Award Winning Cultured/Fermented Vegetable Recipe

Yes, that’s right. This recipe won the award for best tasting cultured (fermented) veggies at the AgFest 2011 here on Maui. I like to call them Cultured Superfoods!

AgFestAward e1317621729766 225x300 Award Winning Cultured/Fermented Vegetable RecipeRecipe:

10 cups cabbage – 3 small heads chopped or grated(save outer leaves for canopy)

5 cups red cabbage – 1 head chopped or grated (save outer leaves for canopy)

6 jalapenos – cut open and clean out seeds, then chop fine

2 onions – chopped fine

3 carrots – finely grated

1 bunch kale – finely chopped

2 tbsp sea vegetables – blended to make a powder (or use dulce or kelp)

1/4 cup sugar or local honey

1/4 to 1/3 cup sea salt for veggies

1/8 cup sea salt for salty brine to top

1/2 to 3/4 cup sprint or filtered water for brine

Use a Cuizinart or food processor to chop/grate all ingredients, except sugar, honey and salt.

Mix all ingredients together (except salt water mixture for brine) in a glass bowl or pickling crock. Cover with large leaves of cabbage to create a canopy cover to protect the foods being pickled.

Place a plate on the top of the canopy – one large enough to cover as much as the surface of the canopy as possible. Place rock on top of the plate to create some pressure on top of the vegetable mix and canopy. Do not use a rock so heavy that it pushes too much of the liquid juice of the vegetables over the top of the plate. Use a rock that gives medium pressure to the mixture and that forces some liquid juice from the vegetables over the top after a bit of time.

A good way to tell if the pressure is enough is to check on the mixture 8 to 12 hours later to determine how much liquid is being forced up above the plate. Some liquid should come up, but not too much. When this is determined it is a good time to mix the salty brine (last two ingredients above) and pour over the top of the plate. This salty brine will insure that no bacteria or mold will get into the mixture. It is your protection.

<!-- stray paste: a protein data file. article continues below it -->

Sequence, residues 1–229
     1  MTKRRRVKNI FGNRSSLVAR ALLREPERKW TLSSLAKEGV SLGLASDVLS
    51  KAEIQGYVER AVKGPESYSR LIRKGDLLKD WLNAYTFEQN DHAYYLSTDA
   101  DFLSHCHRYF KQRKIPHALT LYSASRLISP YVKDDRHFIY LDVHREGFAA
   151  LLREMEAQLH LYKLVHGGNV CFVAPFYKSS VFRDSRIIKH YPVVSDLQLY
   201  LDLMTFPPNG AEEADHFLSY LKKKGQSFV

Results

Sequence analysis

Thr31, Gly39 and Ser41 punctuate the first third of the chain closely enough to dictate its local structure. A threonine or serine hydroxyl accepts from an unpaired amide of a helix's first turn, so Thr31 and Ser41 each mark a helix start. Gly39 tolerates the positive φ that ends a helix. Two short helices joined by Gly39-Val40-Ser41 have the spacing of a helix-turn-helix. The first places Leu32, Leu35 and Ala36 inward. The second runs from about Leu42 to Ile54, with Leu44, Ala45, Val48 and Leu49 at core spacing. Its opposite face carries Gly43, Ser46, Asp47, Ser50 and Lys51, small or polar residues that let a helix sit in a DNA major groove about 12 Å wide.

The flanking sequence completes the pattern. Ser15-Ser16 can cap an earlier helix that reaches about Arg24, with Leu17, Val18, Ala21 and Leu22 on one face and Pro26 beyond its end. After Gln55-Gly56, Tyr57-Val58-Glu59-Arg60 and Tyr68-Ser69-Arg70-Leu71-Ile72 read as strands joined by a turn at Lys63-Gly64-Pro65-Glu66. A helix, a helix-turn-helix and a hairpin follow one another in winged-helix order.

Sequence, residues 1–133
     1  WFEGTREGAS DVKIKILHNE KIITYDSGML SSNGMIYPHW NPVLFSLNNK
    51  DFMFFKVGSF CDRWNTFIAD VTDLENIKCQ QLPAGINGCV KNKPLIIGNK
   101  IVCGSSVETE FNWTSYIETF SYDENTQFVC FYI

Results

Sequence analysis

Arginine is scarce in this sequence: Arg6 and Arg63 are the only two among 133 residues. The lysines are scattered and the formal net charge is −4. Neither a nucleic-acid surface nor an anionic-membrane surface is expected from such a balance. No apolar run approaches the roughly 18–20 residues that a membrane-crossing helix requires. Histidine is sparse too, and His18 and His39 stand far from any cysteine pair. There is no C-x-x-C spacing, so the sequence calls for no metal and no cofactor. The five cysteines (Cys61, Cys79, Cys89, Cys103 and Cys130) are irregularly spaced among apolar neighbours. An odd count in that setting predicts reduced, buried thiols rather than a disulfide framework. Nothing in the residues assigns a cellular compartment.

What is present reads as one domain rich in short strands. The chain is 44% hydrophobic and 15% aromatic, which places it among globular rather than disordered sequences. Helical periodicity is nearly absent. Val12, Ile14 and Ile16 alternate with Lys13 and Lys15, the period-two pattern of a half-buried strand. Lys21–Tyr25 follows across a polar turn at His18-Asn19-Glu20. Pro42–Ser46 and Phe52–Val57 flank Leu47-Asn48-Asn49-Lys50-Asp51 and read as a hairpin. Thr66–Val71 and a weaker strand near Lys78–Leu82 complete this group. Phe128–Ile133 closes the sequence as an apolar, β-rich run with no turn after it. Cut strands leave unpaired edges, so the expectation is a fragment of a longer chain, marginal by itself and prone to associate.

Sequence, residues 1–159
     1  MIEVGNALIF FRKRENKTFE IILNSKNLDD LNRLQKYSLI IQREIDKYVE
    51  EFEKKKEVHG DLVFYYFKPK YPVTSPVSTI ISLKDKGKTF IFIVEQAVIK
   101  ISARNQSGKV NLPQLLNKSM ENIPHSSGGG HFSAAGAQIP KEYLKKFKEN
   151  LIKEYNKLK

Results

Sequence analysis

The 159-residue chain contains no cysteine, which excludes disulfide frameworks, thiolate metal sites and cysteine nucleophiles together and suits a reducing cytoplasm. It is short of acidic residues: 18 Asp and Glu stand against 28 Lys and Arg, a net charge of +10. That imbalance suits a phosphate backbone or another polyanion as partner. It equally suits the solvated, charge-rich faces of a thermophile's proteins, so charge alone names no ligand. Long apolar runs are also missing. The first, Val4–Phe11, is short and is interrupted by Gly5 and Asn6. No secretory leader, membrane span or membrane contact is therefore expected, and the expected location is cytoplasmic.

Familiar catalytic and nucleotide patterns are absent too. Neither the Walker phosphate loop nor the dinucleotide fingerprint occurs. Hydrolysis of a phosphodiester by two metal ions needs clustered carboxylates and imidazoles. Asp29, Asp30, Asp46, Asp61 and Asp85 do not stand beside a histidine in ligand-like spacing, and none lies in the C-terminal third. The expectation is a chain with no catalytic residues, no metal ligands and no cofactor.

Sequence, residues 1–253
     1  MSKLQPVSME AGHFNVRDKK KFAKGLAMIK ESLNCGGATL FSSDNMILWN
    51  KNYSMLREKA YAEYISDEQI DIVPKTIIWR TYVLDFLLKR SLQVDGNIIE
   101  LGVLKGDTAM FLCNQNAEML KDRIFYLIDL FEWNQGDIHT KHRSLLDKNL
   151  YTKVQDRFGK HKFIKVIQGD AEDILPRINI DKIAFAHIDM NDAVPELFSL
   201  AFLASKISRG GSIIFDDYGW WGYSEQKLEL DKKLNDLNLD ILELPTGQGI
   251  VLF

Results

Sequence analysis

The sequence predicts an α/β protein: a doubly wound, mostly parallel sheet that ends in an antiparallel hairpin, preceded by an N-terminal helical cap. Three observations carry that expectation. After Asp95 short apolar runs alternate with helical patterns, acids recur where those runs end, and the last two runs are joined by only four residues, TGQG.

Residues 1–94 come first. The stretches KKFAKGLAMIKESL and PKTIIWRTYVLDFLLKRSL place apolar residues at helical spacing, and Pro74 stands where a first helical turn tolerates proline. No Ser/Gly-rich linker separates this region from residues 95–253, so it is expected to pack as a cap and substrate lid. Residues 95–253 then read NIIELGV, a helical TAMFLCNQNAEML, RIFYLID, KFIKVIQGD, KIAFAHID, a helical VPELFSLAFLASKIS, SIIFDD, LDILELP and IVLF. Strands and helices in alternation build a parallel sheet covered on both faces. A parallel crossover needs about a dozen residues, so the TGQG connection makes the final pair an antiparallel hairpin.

Cover bowl of veggies, plate, rocks and all with a clean cloth and place in a dark closet or corner of the room and let sit for a minimum of four days. Seven days is best, and it is fine to let it sit for 10 to 14 days. The vegetables will soften over time, create more probiotic bacteria (friendly flora) and enhance flavors.

You can also use a crock made for fermenting vegetables. The porcelain crocks come with stones for weight and air tight lids. Vegetable starters can also be used to stimulate fermentation process and enhance friendly flora.

Remember, all cultures where people live to be a healthy 100 years old have a naturally fermenting food in their daily diet. Using our precious organic veggies is a great way to make Cultured Superfoods, taking the idea of KimChee and Sauerkraut a lot further. What a great new way to get a variety of superfoods into your daily diet. They will aide in digestion and are the perfect compliment to every meal. You can make them spicy or flavor with many herbs.

Harvest by removing the canopy and discarding it. Keep all the valuable juice. Place fermented veggies in glass jars and refrigerate. They will last for months in the fridge!

Note: Vegetable mixture will certainly take on an interesting aroma. They may foam up a bit and even attract a little mold on the side of the bowl over time. Do not worry unless mold gets into the mixture. Smelly and foamy is a good sign. Experiment and feel free to give me a call or email me with your questions:



  1. says

    I have bought your DVD set and am just wondering before I start about how to remove the canopy without any mould getting into the mix. it sounds pretty tricky. You say to keep the valuable juice but I would think that would have been in contact with the sides and the yukky stuff.
    I haven’t had a go yet but I am keen.
    Kind Regards

    • susan says

      Aloha Beatrix,
      Please see this blog post: It may help you. Here is what I do if there is mold on the side of the crock. Just wipe it clean before you begin to harvest. Then, I pour off the juice that is hanging out on top of the canopy. Once clear, lift the canopy and your veggies should look wonderful. Sometime, I scrape off the top of veggies just under the canopy and discard them as well. I hope this helps. Keep experimenting and you will get better and better at it. Aloha, Chef Teton